I just returned from a tour of 16 Tech near downtown Indianapolis, and I can tell you that this is a project that all of us should start paying a lot more attention to.
Tracing its roots all the way back to 2011, the development is nestled into the corner of where Fall Creek meets the White River, northwest of downtown and to the north of the IU Health, Riley, Eskenazi and VA hospital complex at IUPUI. It’s bordered on the north by West 16th Street, from which it gets its name, and the main gateway today is Indiana Avenue as it crosses over the canal towards the Northwest, though one of the project’s signature features is a new bridge over Fall Creek which will extend Wilson Street north from the Riley hospital entrance to the heart of the district.
The project got a significant boost in 2015 when the City of Indianapolis agreed to provide $75 million in tax increment financing to improve roads and reroute underground sewers and water supplies, a significant challenge as much of the southwest corner of the project was formerly the headquarters of Citizen’s Water. The beautiful neoclassical Riverside Pumping Station still stands as an above ground reminder of the complex works below.
The second major boost came in 2018 with a $38 million grant from the Lilly Endowment to fund the initial phase of development. That was key to developer Browning investing $120 million to construct three new buildings and renovate the old Citizens Water headquarters into a “maker space” for startups and more.
Those projects are well underway right now, and the results are already amazing. The most obvious development is “Building One” which topped out on July 11 of last year and was the focus of the “dusty boots” tour I took led by the energetic and delightful Bob Coy. He excitedly described to us the impending move of the units of the Central Indiana Corporate Partnership to the facility, including TechPoint, which serves my industry, as well as the relocation of the Indiana Biosciences Research Institute, the first organization to take root at the site back in 2012.
Speaking of other things we should all be paying more attention to, Bob was recruited from Cincinnati where he led the creation of CincyTech. Way back in 2001, civic leaders in Southwest Ohio realized that their future would be dependent on economic growth through technology, and in 2005, through engagement with entrepreneurs, venture capitalists, business and civic leaders and angel investors, determined that their startups were having trouble raising more than $750,000 in seed stage funding, knowing full well that $2 million is the more likely amount needed for success. One of the problems they also noted was the lack of availability of serial entrepreneurs.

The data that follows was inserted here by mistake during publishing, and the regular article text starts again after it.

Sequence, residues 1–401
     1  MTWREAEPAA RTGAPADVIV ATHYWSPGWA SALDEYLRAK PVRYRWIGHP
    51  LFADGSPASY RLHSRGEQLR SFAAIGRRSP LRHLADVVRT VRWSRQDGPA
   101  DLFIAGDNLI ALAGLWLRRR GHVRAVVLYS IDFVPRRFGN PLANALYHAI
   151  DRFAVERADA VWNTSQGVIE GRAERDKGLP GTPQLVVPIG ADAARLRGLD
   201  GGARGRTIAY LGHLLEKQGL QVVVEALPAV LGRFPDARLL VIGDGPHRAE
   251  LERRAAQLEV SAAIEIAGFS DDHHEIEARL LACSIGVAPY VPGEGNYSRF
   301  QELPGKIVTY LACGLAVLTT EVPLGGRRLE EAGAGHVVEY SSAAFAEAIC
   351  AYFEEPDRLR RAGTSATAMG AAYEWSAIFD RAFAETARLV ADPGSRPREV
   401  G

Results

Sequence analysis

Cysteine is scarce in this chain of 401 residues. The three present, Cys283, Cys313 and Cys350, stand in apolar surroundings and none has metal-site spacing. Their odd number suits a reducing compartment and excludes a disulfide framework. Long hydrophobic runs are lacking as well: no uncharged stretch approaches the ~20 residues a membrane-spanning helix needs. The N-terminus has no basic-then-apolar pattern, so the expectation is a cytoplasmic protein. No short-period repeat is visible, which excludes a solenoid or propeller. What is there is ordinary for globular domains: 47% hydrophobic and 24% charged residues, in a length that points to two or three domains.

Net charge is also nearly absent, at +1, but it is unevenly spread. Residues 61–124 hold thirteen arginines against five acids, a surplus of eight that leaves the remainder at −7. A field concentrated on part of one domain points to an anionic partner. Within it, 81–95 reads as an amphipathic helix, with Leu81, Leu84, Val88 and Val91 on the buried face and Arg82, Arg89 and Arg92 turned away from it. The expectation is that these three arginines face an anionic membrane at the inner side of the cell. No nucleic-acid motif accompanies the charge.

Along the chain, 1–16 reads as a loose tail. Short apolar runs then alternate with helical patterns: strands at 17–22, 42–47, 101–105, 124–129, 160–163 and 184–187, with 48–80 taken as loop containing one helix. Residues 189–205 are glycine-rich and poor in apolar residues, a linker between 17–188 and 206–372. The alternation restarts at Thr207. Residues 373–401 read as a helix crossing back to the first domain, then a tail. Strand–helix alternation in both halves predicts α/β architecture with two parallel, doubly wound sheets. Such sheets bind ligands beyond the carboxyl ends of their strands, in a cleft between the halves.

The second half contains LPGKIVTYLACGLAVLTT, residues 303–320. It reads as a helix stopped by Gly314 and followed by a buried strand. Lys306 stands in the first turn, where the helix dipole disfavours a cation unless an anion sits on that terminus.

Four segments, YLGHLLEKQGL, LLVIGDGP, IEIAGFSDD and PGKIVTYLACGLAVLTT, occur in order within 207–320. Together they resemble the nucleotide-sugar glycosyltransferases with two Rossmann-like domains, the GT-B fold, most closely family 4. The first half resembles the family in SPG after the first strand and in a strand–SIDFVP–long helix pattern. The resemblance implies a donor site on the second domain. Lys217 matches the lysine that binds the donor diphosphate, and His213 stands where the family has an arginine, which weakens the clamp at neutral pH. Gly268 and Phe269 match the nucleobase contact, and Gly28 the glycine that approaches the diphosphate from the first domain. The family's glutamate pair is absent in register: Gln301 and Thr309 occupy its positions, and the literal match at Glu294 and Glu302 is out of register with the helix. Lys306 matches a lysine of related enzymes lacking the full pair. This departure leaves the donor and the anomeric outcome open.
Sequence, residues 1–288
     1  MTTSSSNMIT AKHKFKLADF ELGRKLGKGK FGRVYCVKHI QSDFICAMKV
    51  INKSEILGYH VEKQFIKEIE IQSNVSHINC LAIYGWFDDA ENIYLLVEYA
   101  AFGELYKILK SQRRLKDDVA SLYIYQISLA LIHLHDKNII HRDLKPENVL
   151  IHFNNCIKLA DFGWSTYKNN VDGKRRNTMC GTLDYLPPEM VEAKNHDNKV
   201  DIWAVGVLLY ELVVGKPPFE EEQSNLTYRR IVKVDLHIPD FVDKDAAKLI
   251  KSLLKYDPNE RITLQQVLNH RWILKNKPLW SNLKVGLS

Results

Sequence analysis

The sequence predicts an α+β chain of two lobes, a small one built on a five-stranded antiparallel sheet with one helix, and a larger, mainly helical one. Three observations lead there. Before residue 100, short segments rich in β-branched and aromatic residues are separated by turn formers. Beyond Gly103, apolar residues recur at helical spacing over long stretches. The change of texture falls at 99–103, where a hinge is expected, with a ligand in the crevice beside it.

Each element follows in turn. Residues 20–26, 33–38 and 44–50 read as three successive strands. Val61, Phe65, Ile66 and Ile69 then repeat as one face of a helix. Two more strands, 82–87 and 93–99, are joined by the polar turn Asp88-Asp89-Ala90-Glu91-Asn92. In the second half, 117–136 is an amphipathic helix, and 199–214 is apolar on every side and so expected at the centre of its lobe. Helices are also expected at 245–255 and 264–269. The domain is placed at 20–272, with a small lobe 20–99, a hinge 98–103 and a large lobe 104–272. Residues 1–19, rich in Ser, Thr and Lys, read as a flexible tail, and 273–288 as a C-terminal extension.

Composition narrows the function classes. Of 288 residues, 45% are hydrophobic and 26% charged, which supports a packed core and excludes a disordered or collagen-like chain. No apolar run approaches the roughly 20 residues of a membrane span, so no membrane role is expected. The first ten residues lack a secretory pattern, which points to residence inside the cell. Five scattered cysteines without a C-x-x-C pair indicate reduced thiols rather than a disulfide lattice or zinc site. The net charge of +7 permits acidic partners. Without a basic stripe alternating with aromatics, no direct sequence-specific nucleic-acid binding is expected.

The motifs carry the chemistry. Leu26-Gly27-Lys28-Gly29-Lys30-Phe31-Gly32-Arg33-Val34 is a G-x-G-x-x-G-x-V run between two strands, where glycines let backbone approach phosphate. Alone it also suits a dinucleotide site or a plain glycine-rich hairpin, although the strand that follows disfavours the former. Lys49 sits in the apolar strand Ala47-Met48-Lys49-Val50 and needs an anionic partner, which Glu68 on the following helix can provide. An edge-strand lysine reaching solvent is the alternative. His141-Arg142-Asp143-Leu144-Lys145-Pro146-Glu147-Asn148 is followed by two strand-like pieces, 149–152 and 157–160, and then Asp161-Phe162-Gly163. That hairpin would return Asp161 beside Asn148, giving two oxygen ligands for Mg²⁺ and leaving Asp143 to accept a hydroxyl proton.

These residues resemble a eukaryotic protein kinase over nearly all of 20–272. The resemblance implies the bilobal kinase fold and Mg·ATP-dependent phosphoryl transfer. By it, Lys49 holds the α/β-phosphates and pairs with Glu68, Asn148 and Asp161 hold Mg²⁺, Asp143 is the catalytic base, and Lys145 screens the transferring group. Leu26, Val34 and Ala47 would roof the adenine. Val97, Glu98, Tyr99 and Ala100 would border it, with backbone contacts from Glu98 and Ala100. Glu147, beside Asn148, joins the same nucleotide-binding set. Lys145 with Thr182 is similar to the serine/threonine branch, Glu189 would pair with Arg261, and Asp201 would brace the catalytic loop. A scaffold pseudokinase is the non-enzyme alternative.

What Bob and his team did was aggregate a fund-service model. They started with a grant from the Ohio Third Frontier, an organization not very dissimilar to our own Next Level Fund here in Indiana, which they used for operating expenses to form the team. Next, they aggregated investors from the private sector, first into CincyTech Fund I in 2007 at $10.4 million, which consisted of fairly small initial investments matched by the State of Ohio. They reopened the fund for investment in 2011 and gathered an additional $4.4 million, and then launched a 3rd effort in 2013 netting an additional $11.2 million. Boosted by a fantastic investment in one of their companies by Sequoia, a large, well-known VC marking their first-ever investment in Ohio, they were able to close a $30 million fund in March 2016, creating over $50 million in aggregate capital as a base for building a tech ecosystem.
Cleverly, they employed a co-invest model where the Fund would generally supply $500k into a deal, and work to bring other co-investors off the sidelines and into the project to build up to the $2M needed for a successful “A-round”. That made the fund a force-multiplier in bringing high net worth individuals off the sidelines and into the tech economy. Indiana desperately needs the same system.
Cincinnati’s loss is our gain, as Bob’s knowledge and experience is exactly what is needed right now. With his leadership and the support of multiple civic visionaries, 16 Tech has fought through countless “brownfield” challenges, and is about to prove the naysayers wrong by moving into a gleaming building which represents more than another technology project – it represents the spirit of Indiana entrepreneurialism leading the way into the future.
Read more at Inside Indiana Business.